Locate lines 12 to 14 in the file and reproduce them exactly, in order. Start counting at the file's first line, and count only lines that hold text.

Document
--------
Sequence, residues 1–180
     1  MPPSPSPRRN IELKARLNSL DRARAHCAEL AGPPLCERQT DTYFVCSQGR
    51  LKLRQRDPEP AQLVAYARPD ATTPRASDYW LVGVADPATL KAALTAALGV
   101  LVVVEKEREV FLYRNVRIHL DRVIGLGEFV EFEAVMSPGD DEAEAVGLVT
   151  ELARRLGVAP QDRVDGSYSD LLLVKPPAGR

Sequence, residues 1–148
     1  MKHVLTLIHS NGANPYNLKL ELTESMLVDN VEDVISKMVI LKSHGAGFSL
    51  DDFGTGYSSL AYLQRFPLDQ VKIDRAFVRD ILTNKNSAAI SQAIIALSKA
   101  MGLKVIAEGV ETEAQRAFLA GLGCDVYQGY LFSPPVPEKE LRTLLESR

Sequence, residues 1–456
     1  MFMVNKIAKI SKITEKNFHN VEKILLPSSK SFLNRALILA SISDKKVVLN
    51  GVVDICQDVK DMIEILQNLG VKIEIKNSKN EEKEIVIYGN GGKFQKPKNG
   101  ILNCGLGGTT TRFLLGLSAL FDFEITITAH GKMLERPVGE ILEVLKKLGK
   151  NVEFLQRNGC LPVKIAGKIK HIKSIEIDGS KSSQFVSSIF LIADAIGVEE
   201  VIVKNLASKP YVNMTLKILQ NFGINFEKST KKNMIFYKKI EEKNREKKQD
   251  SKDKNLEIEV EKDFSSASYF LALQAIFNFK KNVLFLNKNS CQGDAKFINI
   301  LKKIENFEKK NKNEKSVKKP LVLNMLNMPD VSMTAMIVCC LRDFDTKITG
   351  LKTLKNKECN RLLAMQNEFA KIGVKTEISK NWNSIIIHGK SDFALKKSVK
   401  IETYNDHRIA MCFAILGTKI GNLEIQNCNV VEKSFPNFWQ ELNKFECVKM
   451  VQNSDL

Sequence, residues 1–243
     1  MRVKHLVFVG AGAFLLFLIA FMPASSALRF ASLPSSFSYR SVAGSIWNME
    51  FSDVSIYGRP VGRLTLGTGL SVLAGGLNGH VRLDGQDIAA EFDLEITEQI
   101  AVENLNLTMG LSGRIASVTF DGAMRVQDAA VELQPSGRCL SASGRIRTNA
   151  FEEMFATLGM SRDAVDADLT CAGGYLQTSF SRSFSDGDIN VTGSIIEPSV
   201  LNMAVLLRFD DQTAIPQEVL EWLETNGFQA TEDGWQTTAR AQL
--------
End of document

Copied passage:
    51  GVVDICQDVK DMIEILQNLG VKIEIKNSKN EEKEIVIYGN GGKFQKPKNG
   101  ILNCGLGGTT TRFLLGLSAL FDFEITITAH GKMLERPVGE ILEVLKKLGK
   151  NVEFLQRNGC LPVKIAGKIK HIKSIEIDGS KSSQFVSSIF LIADAIGVEE